Zimbabwe’s President Emmerson Mnangagwa. Picture: Eduardo Munoz/Reuters/African News Agency (ANA) Archives

Harare - Zimbabwean President Emmerson Mnangagwa on Thursday dismissed calls for a government of national unity.

The calls have come from opposition MDC Alliance president Nelson Chamisa and some religious groupings who feel a government of national unity was the best step forward for Zimbabwe to come out of its current economic pit.

Addressing his ruling Zanu-PF Central Committee in Harare on Thursday,  Mnangagwa said the more than two-thirds majority garnered by the party made them so confident that they could reset the developmental agenda in the Second Republic.

“Let those who dream continue to do so as we chart the way forward,” Mnangagwa said.

“We have no agenda constituting a government of national unity.”

He said the country must be more focused on producing more agriculturally and industrially. He condemned the rampant increase of prices of basic commodities which saw the government amending Statutory Instrument 122 which allows people to import basic commodities.

“Government is fully aware of the machinations by some detractors and economic opportunists who are bent on creating despondency in the country through the manipulation of the foreign currency market and creation of artificial shortages. This has caused untold suffering to our people. As a listening president, I have heard their cries and my government is determined to provide solutions to these perennial challenges," he said.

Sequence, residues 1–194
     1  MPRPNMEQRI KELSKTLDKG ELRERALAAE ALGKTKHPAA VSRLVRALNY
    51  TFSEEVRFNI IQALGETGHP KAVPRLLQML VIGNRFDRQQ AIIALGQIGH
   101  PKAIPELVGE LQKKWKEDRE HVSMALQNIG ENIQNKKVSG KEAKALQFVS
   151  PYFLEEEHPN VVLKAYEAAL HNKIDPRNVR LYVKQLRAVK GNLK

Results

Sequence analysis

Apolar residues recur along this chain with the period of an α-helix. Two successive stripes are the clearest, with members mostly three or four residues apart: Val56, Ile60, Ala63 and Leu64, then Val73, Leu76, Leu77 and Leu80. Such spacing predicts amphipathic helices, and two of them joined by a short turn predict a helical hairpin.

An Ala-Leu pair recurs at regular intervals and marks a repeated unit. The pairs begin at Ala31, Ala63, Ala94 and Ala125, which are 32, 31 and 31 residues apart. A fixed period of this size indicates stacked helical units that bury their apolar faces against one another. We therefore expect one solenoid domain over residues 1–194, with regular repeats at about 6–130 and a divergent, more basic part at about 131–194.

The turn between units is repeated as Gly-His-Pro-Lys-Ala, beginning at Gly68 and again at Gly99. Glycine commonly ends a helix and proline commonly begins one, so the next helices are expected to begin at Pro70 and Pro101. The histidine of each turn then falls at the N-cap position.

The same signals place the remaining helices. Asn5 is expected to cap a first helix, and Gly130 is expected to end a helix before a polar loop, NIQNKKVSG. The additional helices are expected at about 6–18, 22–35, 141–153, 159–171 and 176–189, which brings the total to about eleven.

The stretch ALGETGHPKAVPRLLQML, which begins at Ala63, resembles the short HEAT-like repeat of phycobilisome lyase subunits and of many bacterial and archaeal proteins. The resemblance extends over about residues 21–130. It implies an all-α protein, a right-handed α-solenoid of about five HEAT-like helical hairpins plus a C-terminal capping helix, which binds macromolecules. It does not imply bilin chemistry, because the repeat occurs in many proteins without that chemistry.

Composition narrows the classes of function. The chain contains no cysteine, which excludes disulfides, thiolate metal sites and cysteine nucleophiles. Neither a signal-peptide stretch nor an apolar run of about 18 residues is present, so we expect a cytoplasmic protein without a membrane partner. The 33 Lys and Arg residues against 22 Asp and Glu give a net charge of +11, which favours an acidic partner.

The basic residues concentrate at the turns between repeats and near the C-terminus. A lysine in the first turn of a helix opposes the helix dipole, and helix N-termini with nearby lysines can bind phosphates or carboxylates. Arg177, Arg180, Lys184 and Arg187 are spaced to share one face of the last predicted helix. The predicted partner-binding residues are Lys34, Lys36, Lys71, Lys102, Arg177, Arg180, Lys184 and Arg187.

“The lifting of the ban of SI 122 is one such move which is meant to provide interim relief to our people. My government will neither let people go without basic commodities nor allow the willy-nilly depletion of incomes by a few rogue businesses and persons.”

On the political front, Mnangagwa said reforms on the Electoral Act would be implemented.

“We shall implement reforms relating to the Electoral Act, while the Commission of Inquiry on the 1st of August violence has to complete its work and its findings will be published,” he said.

Mnangagwa said in a bid to cut government expenditure and reduce the fiscal imbalances, they “will move with speed to eliminate all ‘ghost workers’ within the public service”.

Chamisa told journalists earlier in the week: “The first thing is for this nation to go on a path of political dialogue. We need a national transitional authority so that we can resolve this crisis”.

Church leaders have also spoken out openly on the need for the two political protogonists to sit down and map a way forward for the country.

African News Agency/ANA